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26 October 2021AmericasMuireann Bolger

St Jude recovers partial attorney fees in heart catheter case

St Jude Medical will be able to claw back some of the attorney fees and expenses it incurred defending a suit filed by Niazi Licensing Corporation (NLC) in a dispute over a patent covering a heart catheter.

US District Judge Wilhemina handed down the order on Monday, October 25, at the  US District Court for the District of Minnesota.

NLC sued St Jude in November 2017, alleging that the medical device maker indirectly infringed its patent, US Number 6,638,268, which covers a catheter system that can be inserted into the coronary sinus of the heart. The ’268 patent also claims methods of using the catheter system.

During the same year,  Abbott Laboratories  acquired St Jude in a $25 billion deal. In March, the court  concluded that NLC failed to present evidence to prove two essential elements of its patent-infringement claim—namely, that at least one person directly infringed the patented method and that St Jude knowingly induced infringement and possessed specific intent to encourage another’s infringement.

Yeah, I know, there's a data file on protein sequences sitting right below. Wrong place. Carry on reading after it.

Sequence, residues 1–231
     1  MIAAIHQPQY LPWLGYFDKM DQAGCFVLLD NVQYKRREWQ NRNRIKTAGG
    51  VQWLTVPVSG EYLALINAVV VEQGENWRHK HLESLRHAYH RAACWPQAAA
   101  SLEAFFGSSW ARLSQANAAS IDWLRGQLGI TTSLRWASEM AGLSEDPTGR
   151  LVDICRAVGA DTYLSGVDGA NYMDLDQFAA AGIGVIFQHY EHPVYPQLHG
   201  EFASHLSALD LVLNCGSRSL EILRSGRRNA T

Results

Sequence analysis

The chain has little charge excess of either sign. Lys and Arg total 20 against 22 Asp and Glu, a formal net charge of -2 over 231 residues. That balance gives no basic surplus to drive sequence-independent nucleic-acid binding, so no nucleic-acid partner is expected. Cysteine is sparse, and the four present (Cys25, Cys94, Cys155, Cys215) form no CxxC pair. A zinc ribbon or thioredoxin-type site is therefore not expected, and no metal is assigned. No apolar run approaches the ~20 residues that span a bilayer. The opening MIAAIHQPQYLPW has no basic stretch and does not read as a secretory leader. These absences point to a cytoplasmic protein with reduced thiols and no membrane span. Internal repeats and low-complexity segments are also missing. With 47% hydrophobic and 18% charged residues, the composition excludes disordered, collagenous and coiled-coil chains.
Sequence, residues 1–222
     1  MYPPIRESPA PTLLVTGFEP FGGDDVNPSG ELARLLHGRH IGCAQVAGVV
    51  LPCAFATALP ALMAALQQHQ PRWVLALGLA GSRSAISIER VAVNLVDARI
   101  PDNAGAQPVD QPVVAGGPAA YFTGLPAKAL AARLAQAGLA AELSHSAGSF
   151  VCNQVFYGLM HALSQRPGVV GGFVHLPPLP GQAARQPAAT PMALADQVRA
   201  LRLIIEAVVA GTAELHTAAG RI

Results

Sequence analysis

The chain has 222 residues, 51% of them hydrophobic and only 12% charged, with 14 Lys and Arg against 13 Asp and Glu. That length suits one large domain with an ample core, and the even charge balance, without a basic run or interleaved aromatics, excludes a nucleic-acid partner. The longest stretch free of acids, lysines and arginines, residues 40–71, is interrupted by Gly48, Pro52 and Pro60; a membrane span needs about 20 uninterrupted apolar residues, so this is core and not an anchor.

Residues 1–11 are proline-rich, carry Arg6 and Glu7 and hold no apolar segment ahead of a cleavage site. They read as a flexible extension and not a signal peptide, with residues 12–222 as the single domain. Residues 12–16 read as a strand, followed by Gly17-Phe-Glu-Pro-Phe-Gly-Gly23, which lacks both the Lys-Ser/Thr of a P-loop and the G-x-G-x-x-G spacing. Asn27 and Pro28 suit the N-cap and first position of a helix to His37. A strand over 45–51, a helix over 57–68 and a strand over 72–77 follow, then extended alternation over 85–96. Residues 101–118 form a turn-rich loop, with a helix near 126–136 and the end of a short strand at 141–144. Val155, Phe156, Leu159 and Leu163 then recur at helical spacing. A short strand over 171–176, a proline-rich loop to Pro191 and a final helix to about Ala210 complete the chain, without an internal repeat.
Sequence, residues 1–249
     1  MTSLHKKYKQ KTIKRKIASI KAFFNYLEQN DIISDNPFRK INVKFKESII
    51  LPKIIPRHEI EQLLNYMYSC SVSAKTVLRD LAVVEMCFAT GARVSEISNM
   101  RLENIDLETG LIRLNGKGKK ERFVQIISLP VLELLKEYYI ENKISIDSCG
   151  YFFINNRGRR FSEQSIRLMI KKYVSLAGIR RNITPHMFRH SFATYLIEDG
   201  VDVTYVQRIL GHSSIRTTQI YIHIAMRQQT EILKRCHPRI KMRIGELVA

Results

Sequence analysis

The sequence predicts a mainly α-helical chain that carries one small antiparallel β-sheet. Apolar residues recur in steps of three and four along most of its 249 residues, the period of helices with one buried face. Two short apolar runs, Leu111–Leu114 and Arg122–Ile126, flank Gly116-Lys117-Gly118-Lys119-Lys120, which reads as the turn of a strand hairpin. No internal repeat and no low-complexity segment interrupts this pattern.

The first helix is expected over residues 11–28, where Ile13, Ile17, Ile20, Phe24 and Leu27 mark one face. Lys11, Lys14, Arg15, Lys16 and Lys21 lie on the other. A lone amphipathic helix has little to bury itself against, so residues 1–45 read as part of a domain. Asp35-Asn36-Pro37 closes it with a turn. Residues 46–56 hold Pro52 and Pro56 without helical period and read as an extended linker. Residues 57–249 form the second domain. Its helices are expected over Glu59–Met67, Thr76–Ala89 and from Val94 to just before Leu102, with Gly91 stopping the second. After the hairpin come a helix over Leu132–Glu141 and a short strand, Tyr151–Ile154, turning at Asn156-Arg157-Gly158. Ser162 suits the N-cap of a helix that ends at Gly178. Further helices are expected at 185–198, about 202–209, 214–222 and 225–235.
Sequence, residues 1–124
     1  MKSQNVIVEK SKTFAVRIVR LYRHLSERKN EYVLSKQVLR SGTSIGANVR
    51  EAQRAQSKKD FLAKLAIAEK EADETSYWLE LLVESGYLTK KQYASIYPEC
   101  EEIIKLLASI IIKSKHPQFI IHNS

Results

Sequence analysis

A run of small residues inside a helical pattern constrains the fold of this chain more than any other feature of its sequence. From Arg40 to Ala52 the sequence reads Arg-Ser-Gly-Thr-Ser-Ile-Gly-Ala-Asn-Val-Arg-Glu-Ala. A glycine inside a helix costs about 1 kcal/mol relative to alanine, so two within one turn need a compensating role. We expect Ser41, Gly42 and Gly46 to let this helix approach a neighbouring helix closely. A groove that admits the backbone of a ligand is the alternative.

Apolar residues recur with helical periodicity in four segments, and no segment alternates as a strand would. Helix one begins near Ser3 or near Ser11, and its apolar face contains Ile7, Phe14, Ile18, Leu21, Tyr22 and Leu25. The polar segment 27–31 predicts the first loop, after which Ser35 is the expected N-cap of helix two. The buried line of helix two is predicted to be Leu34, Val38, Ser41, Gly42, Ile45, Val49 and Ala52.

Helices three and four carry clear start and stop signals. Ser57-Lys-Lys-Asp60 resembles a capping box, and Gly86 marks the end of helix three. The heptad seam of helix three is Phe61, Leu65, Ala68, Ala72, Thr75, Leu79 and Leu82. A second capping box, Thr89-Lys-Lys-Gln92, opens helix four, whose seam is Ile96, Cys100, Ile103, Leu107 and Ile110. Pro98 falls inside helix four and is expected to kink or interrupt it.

Accordingly, the court denied NLC’s motion for summary judgment of infringement and granted St Jude’s motion for summary judgment of non-infringement.

St Jude then moved to recoup for attorneys’ fees and costs, arguing that NLC knew or should have known that its infringement claims lacked merit.

But in this week’s order, Judge Wright ruled that St Jude could only claim back fees and expenses incurred after October 2019.

She wrote that St Jude had not sufficiently demonstrated that NLC failed to conduct a reasonable factual inquiry before filing its lawsuit in 2017.

“St Jude does not address NLC’s claim-construction positions, let alone demonstrate that those positions were so unreasonable as to warrant sanctions.

“On this record, St Jude has not established that NLC lacked a reasonable, good-faith basis to infer that infringement had occurred when NLC commenced this lawsuit or at any time before this court issued its claim construction order.”

But she concluded that NLC engaged in bad-faith efforts to prolong this litigation after October 2019 and that this case is “exceptional” because it is distinguishable from others “with respect to the substantive strength of NLC’s litigation position” and the unreasonable manner in which NLC litigated this case after that date.

These efforts included repeatedly relying on evidence that had not been disclosed during fact discovery, disregarding the deadlines established in the court’s scheduling order, willfully violating the order striking improper evidence, and advancing unreasonable and meritless arguments, she said.

“NLC persisted in this conduct even after St Jude repeatedly identified deficiencies in the merits of NLC’s case and warned NLC that St Jude would seek attorneys’ fees if NLC continued to prolong this case,” concluded Judge Wright.

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More on this story

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